According to the Duden dictionary, networking is the establishment and maintenance of contacts that serve the exchange of information and professional advancement. So far so good, founders hear time and again that networking is important for their own start-up career. But networking is more than just a hackneyed buzzword. It is an elementary component of making your own business successful in the long term.

However, a study by the University of Toronto shows that people feel bad about networking. The bad feeling arises above all when they cannot offer the network partner any meaningful value in return. Networks are therefore only really effective when the quality of the relationships is of equal value.

And what does that mean for founders? If you want to build up a good network, you don't just randomly ask people for favours. Rather, they are clear about their needs and have a concrete plan. They know the purpose of their network and are prepared to give something in advance. Networking is therefore not just about building the largest possible network, but also about intensifying and maintaining it. It is a constant give and take and can even be fun. If it is not, you are simply surrounding yourself with the wrong people.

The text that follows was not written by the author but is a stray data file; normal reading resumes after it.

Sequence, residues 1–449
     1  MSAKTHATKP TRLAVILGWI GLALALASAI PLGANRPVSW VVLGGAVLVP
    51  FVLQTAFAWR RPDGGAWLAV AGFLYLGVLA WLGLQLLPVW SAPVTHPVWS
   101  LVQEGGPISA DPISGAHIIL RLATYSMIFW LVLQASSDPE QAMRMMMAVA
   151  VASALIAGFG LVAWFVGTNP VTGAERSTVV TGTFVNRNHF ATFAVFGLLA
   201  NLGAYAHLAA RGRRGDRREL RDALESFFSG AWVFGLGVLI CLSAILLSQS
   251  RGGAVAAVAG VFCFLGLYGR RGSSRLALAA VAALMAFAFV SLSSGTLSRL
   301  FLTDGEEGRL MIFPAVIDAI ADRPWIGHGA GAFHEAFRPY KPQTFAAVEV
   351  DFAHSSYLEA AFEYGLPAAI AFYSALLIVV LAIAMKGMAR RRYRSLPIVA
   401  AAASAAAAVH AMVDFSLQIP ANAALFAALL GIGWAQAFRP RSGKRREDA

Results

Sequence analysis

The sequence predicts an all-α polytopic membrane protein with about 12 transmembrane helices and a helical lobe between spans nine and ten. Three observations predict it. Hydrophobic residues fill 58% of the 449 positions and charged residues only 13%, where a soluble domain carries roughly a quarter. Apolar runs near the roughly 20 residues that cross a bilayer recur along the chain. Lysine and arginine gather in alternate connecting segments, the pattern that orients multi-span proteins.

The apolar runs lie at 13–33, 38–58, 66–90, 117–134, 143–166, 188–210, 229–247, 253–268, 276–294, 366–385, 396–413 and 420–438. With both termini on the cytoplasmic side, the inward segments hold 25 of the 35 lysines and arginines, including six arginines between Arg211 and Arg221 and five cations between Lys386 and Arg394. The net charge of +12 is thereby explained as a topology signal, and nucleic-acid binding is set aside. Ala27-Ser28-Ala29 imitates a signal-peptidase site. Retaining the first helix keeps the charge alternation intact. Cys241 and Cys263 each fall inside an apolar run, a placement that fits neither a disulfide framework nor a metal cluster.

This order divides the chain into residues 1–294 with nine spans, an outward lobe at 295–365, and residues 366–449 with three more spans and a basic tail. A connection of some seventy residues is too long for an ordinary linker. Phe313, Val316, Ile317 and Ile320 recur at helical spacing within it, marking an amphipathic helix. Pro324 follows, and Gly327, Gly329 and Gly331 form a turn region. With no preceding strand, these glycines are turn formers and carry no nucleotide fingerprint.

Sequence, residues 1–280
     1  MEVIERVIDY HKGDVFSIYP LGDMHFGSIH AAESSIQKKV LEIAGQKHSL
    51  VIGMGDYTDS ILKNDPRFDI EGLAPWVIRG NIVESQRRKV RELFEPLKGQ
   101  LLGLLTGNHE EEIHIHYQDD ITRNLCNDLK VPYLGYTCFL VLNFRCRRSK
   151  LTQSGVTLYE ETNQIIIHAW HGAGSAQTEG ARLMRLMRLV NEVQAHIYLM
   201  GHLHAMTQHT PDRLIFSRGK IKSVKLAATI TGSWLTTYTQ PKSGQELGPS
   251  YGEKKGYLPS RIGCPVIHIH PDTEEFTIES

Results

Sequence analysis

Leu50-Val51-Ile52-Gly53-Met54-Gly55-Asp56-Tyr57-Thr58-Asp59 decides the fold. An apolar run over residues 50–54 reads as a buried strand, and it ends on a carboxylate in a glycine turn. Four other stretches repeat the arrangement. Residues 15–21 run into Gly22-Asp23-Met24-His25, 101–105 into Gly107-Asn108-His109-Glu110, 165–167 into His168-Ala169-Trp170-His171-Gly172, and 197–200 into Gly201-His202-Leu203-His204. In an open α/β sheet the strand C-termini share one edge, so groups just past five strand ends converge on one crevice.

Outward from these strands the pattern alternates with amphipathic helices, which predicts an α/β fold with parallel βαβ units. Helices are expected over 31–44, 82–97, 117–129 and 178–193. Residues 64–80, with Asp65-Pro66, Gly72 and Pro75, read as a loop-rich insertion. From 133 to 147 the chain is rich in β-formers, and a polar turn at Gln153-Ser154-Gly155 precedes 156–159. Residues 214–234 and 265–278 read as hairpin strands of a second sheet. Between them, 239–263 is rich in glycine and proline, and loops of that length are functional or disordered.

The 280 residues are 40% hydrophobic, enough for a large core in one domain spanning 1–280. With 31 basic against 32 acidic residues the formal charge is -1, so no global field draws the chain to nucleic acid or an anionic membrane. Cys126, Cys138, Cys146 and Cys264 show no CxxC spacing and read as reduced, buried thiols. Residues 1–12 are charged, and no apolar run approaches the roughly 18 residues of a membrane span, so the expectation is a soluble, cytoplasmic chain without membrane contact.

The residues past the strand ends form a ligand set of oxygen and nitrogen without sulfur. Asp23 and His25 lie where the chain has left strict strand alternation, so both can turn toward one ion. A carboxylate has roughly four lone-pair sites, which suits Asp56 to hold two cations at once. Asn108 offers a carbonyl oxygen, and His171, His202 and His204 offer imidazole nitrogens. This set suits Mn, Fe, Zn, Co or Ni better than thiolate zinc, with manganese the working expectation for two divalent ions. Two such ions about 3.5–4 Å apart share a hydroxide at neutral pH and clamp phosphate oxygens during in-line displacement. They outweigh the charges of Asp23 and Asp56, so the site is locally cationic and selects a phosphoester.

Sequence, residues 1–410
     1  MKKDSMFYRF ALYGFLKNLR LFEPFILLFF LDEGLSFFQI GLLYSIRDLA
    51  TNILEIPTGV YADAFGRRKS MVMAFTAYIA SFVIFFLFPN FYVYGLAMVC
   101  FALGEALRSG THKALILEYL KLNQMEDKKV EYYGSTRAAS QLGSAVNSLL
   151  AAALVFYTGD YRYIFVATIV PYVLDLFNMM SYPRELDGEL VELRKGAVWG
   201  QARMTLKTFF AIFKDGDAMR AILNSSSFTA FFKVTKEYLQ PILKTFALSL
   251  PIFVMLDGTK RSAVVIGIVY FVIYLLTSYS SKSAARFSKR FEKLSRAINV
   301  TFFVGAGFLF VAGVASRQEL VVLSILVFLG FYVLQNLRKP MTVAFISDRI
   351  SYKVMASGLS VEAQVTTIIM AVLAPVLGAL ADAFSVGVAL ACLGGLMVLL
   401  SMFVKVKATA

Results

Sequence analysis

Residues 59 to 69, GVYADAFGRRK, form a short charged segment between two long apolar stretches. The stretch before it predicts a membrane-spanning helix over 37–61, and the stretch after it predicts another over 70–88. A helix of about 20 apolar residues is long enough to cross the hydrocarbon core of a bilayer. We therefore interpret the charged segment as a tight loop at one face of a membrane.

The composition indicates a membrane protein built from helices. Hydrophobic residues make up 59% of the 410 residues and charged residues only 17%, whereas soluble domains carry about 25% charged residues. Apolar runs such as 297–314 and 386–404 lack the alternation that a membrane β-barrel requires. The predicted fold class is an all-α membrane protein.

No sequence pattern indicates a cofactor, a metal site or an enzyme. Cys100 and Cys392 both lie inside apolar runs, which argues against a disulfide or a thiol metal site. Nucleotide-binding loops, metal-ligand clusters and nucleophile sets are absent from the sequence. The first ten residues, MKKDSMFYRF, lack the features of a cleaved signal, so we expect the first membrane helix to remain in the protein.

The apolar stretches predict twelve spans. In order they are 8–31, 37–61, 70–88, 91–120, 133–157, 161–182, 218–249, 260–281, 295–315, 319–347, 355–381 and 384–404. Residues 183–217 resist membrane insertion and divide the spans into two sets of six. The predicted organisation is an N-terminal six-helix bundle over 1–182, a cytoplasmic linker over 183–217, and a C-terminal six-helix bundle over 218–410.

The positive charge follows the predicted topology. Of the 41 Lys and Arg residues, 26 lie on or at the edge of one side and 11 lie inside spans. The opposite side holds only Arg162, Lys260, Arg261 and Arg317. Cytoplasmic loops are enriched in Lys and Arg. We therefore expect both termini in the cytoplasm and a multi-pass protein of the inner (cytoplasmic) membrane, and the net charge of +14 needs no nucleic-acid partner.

3 good reasons for active networking

1. nobody knows everything.

That's why it's right and important to learn from and with like-minded people. There are numerous start-up events in every city, often even free of charge. Whether in the form of meet-ups or workshops, there are numerous opportunities to acquire knowledge. In addition to personal development and further training, event participation is worthwhile for socialising. It's all about finding the right people to work with. Whether co-founders, co-operation partners or the first employees.

Of course, we will also support you here at innoWerft. We help you to expand your network through coaching, mentoring and our Up2B programmes.


group-people-together-team2. together instead of alone.